According to a recent survey, 75% of security professionals cite social engineering and phishing attacks as the top threat to their organizations. The combination of increasingly public personal data, more sophisticated data collection techniques, and leveraging the latest AI tools and micro-targeting marketing techniques has given rise to spear phishing at scale. While initially predicted a few years ago under the Phishing 2.0 moniker, these types of attacks at scale are now a key topic of discussion as all of the required elements are now a reality. This post — #4 in our series on social engineering prevention — is focused on how attackers are using technology to automate spear phishing campaigns and deliver them on a massive scale.
As demonstrated in the prior post where we shared some of the most common social engineering examples using a target’s LinkedIn profile attributes, the messages targets receive are fairly simple in nature. But they’re highly effective because attackers use micro-targeting tactics to deliver the right message, to the right person, at the right time using exactly the right context to prompt a response. If that sounds like tedious work that might require having one or more attackers troll through platforms like LinkedIn to identify these opportune moments, it’s not. Delivering the right message, to the right person, at the right time is exactly what today’s marketing tools and platforms are designed to do — automated and at scale. And attackers have the same access to these tools and platforms as marketers to drive their spear phishing attacks at scale.
In fact, considering that cybercriminal organizations operate the same way legitimate businesses do, it might help to think of social engineering as the marketing arm of the business where phishing equates to mass email/text marketing and spear phishing is more like Account Based Marketing (ABM). The tools, tactics and strategies are basically identical to a legitimate marketing approach with a couple of key differences — the most obvious being that attackers are running illegitimate operations for nefarious purposes. The second is that while legitimate companies and marketers are required to adhere to data privacy and compliance regulations, cybercriminals are not bound by rules, or ethics for that matter, which means any and all data they can find is on the table for weaponization. Publicly available data is the easiest to harvest and comes with the lowest acquisition cost, so naturally, that’s where attackers start. It’s important to note that even if a database is not free, it may still be publicly available. And while attackers likely prefer free services, they can — and do — use paid, legitimate business services to launch their attacks.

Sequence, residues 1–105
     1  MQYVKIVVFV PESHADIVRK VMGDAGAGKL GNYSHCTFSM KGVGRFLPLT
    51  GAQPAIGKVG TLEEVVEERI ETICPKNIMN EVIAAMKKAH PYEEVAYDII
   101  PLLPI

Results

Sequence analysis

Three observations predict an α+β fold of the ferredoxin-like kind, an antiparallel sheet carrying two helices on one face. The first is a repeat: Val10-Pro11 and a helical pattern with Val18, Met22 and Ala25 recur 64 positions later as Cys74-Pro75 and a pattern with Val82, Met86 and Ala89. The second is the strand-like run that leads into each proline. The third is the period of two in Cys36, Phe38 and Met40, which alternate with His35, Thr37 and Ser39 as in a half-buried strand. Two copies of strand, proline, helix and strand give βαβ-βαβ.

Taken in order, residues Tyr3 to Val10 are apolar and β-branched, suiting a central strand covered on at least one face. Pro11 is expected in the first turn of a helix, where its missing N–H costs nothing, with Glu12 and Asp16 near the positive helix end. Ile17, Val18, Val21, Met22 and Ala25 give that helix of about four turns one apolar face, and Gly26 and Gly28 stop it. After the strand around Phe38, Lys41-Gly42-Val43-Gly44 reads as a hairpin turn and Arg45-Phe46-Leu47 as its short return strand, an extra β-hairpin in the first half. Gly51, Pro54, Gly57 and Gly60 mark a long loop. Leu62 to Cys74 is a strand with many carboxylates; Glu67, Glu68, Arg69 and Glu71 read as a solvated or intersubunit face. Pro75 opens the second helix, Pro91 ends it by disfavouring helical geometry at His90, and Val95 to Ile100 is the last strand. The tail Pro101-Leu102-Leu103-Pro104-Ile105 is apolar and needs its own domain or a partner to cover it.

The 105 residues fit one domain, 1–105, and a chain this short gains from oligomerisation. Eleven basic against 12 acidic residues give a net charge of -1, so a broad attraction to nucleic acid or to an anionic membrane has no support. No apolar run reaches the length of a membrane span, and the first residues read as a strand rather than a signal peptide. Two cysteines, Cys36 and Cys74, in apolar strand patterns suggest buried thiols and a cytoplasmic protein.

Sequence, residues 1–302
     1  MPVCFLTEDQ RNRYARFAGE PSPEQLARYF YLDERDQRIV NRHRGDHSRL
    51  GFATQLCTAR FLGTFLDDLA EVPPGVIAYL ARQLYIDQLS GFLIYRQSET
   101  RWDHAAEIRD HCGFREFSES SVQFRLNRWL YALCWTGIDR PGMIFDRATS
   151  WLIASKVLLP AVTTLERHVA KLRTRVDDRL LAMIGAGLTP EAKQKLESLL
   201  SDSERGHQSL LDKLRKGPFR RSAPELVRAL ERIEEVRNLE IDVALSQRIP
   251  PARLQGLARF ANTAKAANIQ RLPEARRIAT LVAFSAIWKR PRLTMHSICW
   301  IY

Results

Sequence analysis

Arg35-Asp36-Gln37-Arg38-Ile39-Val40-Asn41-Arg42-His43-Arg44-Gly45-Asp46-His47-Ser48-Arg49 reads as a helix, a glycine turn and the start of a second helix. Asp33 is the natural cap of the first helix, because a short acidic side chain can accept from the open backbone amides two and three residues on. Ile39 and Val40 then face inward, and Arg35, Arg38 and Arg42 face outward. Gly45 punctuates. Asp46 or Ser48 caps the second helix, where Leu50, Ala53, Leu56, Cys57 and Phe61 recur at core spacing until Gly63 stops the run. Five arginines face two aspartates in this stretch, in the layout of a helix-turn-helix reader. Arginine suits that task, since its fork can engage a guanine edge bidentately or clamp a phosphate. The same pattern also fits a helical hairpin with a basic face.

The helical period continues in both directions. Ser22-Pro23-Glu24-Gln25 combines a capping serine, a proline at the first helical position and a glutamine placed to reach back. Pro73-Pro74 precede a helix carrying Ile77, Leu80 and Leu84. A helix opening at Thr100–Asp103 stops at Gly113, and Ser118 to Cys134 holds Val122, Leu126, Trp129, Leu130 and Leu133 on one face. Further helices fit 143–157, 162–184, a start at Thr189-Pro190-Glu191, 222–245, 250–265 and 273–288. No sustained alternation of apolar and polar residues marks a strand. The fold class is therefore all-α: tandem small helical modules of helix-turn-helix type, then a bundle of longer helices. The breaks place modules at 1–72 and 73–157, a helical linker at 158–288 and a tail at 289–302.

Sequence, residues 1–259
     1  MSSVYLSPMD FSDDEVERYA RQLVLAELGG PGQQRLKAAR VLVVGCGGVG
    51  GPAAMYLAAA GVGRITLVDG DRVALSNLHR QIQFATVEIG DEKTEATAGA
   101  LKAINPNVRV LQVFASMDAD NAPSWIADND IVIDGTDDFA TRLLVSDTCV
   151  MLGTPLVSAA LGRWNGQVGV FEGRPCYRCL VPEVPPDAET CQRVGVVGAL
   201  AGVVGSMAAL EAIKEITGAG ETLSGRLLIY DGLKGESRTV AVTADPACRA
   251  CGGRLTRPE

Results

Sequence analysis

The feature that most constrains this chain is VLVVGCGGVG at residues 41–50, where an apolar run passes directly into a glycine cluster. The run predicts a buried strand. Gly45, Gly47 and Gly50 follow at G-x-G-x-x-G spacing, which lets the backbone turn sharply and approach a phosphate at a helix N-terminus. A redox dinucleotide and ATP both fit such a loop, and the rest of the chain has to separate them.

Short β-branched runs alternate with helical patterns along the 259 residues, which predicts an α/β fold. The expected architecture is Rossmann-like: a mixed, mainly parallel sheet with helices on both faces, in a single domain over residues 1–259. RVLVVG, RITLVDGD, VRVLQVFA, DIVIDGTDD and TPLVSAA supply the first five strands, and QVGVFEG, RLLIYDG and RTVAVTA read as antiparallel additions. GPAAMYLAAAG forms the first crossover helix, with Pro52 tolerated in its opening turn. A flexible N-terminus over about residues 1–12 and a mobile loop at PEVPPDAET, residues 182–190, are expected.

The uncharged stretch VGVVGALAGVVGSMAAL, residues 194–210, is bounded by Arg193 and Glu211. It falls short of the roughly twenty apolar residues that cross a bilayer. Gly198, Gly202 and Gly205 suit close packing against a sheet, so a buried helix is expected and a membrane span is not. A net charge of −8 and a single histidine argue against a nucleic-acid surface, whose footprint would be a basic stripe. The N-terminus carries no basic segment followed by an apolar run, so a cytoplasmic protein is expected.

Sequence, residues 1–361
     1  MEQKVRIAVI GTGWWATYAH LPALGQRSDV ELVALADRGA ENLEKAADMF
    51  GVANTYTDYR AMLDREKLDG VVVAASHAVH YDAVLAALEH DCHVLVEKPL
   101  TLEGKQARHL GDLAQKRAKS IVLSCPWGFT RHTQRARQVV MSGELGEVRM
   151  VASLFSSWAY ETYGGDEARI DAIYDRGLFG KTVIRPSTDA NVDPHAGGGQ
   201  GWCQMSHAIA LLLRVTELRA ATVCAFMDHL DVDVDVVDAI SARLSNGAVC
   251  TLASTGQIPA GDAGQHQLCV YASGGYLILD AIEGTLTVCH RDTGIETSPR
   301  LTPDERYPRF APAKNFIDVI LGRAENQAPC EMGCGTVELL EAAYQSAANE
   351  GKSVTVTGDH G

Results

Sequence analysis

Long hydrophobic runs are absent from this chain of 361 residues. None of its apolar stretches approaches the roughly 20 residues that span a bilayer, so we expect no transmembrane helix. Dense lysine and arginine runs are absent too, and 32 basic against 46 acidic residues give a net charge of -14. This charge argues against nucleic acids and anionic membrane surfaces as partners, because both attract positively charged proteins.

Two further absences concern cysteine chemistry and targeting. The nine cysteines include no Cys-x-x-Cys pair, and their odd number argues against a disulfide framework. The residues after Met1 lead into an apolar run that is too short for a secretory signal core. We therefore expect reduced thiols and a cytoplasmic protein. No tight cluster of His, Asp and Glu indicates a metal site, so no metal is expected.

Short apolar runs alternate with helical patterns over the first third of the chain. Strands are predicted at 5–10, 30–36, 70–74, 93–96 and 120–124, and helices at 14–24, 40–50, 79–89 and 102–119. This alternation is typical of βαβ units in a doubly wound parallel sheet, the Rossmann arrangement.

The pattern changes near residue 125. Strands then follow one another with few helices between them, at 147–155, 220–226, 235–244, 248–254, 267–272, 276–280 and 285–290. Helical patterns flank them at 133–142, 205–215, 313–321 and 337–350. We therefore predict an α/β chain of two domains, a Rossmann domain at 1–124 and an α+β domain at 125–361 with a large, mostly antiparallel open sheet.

As in the previous post, we use LinkedIn as a prime example because it offers everything an attack would need. With more than 750 million professionals in over 200 countries that includes 40 million decision-makers, 61 million senior-level influencers, and 10.7 million opinion leaders, LinkedIn has the largest global community of professionals. To an attacker, the platform is essentially a giant barrel packed with phish. From user provided data to inferred data based on a member’s connections, interests and digital behaviors, the average social media profile serves up a wealth of information attackers use to micro-target prospective victims. Job titles, industry, skill sets, interests, business pain points, and connections are all valuable pieces of information that are harvested using any number of different tools to craft highly personalized, convincing, and contextually relevant messages to be used in spear phishing attacks on a massive scale.
When it comes to scaling their attacks, the attackers often walk a fine line between stealthiness and volume until they find their sweet spot between maximum conversion and minimum risk — the balance between conversion rates, ROI, and most importantly, avoiding detection by triggering red flags like too many spam notifications, high bounce rates, phishing detection or malware detection solutions, etc. They may run smaller campaigns, run A/B tests on content and subject lines, track and measure KPIs, refine and then repeat. Once they find the right balance, it’s easy to automate and scale their operations with simple scripts to automate the entire process from harvesting the data, to analyzing it to identify profiles, to customized email automation, and more. Add in new tools like ChatGPT from open.ai that can do everything from writing emails, to content, to code, and cybercriminal organizations have even greater capabilities to increase the volume and the velocity of their attacks.
As next generation technologies continue to evolve and develop, it’s crucial to recognize that cybercriminals are using those same tools to grow their business by increasing the efficiency and effectiveness of their operations, decreasing costs, growing revenue, and so on. The use of publicly available data just makes it that much easier for attackers to launch spear phishing at scale, and the lack of adherence to data privacy and compliance regulations makes it impossible for organizations to rely solely on technology to protect themselves.